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Cruel Life Inside - Eclipsis Vitae (2021) - Review

Band: Cruel Life Inside
Album Title: Eclipsis Vitae
Release Date: 12th March 2021
Label: Casus Belli Musica
Genre: Atmospheric Black Metal/Post-Black Metal

01. Dolor
02. Ignis
03. Fletus
04. Infirmus
05. Vernum
06. Loricum
07. Cura

The Italian black metal scene got another member in March this year, C.L.I. - Cruel Life Inside.  I say this because the Calabrian band was formed in 2017 and only released one single in 2019. I think the band is still is not very known but have the potential to conquer more fans. C.L.I. are dedicated to post-black metal but undoubtedly can also be classified as atmospheric black metal. The line-up is composed of Angelo Pellicano on vocals, a former member of the death/gothic metal band Forgotten Hope, Francesco Brisinda on guitars and programming and Giando Sestito on bass. Giando also acts in the doom metal band Bretus and in the thrash metal band Dripping Sin.

The theme of Eclipsis Vitae is the channelling of human emotions that are invariably capable of passing through different phases through life experiences. An emotional journey begins with the pain and despair caused by inevitable events, the transmutation of these emotions for anger and then, the glimpse of hope for softer and happier moments. This album is one of those that is preferably to listen to in full. C.L.I. guide the listener through a continuous ebb and flow experience that is often dreamlike but also powerful. The band skillfully interweaves elements of atmospheric black metal, melodic doom, progressive metal, gothic metal and, of course, post-metal. The album also unfolds through instrumental textures and include exuberant soundscapes, classical-inspired piano performances and acoustic guitar with vocals ranging from clean singing and wild growls.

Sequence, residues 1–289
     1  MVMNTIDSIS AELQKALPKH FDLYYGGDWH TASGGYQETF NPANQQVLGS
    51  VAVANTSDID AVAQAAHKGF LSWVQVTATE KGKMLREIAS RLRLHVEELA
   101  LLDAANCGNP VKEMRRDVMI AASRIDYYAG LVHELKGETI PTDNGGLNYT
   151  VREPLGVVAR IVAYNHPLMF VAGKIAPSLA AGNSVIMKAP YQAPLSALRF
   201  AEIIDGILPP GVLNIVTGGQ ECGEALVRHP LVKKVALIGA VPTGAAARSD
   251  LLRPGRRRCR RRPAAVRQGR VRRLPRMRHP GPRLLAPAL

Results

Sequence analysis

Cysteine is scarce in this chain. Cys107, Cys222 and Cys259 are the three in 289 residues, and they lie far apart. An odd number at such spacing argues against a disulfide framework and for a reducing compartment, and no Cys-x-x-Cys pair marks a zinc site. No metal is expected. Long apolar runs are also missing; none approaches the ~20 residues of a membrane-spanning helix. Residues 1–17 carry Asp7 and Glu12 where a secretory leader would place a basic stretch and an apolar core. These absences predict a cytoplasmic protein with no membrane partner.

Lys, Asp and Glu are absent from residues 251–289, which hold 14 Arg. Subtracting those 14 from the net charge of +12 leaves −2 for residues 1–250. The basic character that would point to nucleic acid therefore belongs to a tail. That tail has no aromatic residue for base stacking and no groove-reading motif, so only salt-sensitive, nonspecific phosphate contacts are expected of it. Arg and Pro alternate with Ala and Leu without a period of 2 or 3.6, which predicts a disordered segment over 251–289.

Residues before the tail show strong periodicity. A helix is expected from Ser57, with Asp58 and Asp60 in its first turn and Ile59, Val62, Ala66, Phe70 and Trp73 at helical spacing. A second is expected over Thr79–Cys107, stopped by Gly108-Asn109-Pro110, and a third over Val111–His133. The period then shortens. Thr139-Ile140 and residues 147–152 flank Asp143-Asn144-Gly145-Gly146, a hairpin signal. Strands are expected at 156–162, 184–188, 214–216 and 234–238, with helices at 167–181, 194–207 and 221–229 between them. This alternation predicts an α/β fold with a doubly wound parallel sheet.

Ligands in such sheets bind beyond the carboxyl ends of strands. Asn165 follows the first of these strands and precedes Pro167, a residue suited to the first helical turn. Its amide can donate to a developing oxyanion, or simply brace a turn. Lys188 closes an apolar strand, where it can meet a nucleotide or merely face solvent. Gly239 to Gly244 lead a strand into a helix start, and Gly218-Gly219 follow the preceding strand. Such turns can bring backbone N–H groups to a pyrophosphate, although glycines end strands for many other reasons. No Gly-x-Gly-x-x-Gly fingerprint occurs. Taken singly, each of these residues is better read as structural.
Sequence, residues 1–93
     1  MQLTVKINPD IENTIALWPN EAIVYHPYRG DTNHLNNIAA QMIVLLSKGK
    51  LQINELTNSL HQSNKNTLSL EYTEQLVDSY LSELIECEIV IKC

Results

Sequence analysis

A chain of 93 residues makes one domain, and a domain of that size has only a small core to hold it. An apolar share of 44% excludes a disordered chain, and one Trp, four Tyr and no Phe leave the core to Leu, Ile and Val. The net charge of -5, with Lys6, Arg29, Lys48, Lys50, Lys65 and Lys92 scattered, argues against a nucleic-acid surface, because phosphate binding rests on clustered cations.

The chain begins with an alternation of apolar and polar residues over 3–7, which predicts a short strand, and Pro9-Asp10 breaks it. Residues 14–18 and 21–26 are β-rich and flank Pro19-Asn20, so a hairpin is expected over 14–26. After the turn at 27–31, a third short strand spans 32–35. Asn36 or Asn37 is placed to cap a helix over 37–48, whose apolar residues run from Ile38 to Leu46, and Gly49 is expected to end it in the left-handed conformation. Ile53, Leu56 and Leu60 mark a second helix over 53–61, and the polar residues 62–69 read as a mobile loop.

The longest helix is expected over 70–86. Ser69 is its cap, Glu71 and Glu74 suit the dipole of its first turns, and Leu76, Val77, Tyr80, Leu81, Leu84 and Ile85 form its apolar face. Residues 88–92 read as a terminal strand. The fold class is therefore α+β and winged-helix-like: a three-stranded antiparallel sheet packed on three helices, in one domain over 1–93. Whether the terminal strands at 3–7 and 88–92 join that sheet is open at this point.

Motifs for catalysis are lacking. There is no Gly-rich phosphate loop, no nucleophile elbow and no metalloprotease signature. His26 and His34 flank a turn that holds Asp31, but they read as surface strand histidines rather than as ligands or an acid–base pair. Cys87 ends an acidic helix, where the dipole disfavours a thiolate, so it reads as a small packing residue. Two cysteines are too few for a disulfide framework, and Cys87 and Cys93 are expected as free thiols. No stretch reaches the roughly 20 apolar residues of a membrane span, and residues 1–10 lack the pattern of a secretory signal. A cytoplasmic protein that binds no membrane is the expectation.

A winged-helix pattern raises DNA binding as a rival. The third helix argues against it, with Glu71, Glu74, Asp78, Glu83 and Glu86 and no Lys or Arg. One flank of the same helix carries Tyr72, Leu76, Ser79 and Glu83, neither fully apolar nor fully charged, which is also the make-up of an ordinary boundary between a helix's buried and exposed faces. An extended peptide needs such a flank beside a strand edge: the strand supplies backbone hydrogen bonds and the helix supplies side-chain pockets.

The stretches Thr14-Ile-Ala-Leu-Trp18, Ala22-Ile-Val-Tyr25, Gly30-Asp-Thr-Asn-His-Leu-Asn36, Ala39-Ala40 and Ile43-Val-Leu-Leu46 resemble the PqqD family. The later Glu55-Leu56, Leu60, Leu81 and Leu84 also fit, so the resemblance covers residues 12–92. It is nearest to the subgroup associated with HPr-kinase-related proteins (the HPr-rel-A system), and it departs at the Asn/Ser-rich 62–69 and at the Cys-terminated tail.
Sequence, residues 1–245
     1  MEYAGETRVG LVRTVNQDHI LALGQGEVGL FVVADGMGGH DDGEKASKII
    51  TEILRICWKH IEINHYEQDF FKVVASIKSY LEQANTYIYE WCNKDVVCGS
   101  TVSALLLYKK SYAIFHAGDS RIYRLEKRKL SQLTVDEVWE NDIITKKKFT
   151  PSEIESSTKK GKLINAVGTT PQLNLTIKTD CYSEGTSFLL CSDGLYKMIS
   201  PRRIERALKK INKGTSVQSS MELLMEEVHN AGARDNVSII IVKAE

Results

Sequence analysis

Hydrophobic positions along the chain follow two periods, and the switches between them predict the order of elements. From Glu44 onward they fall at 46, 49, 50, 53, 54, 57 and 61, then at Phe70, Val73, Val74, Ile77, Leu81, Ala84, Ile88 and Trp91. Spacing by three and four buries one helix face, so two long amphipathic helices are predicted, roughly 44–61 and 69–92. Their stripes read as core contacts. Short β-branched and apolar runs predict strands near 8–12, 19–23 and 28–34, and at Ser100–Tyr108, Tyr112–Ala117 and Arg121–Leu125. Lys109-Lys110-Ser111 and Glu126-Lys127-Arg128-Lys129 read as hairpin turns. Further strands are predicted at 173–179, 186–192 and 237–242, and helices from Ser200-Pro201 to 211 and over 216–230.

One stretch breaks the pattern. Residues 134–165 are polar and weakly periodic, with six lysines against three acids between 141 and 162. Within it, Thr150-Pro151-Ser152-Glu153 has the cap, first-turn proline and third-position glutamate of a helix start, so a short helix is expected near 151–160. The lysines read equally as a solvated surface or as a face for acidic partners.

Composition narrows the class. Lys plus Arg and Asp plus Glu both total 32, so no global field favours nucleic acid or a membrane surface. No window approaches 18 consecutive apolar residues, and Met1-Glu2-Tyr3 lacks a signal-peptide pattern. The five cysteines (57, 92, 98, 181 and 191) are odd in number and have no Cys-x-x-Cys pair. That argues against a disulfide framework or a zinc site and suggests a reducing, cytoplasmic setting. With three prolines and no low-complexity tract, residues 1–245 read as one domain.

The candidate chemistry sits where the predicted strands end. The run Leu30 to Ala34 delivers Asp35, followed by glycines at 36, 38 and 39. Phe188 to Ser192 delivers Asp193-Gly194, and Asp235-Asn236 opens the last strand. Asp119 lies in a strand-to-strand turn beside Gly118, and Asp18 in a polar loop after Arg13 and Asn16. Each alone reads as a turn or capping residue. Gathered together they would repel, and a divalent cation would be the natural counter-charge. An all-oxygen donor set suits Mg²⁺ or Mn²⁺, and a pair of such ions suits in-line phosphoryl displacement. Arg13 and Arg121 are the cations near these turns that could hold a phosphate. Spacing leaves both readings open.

Eclipsis Vitae consists of seven tracks that make up 41:36 minutes, three of which are instrumental.  The first track, "Dolor", the fourth track, "Infirmus" and the last one, “Cura”. "Dolor" is that kind of traditional intro, just two minutes and something with fizzy guitars and sounds of thunders and rain. By the way, all tracks start with these elements, sometimes both, sometimes just the rain. The second track, "Ignis", is the track that explores black metal in the broadest conception of the word. Intensity through drums and more savagery, though restrained, not as violent as I would like. At 2:02 minutes, "Ignis" change,  is the first track that uses piano, which in time is replaced by a more obscure and heavy touch. I call attention to the gothic tone of the guitars. "Fletus" is developed through an acoustic guitar, some agitated riffs and marks the first appearance of the clean singing. Melodies and light vocals take over all the tracks from now on,  except for the beautiful instrumental "Infirmus" where the piano dominates from beginning to end.

"Vernum" for me is the one that shows the most atmospheric elements of black metal, but I believe that it would be better with more angry vocals than the clean ones here. Both "Vernum" and "Loricum” seem to be much more post-rock than post-black metal. As an appraiser and a lover of meaningful lyrics, I fully understand the necessary transition from the beginning to the end of the album. Not only the title tracks in Latin speaks by themselves, but the lyrics also. But for example, "Loricum" who speaks of redemption and the embrace of death, could without losing the hopeful melancholy be more violent, perhaps adding more groaning infernal vocals or the drums popping and blasting more. My favourite tracks: “Ignis”, “Infirmus” and “Vernum”.

But, despite some points here and there, Eclipsis Vitae is an excellent trip, full of feelings. Without a doubt, a virtuous album for those days when we need a little more calm, peace and, to rescue our soul from this terrible world. The album will appeal to those that appreciate Woods Of Desolation, Harakiri For The Sky, Katatonia (early), Midnight Odyssey. Enjoy and support!

The review was written by Felin Frost
Rating: 7,5/10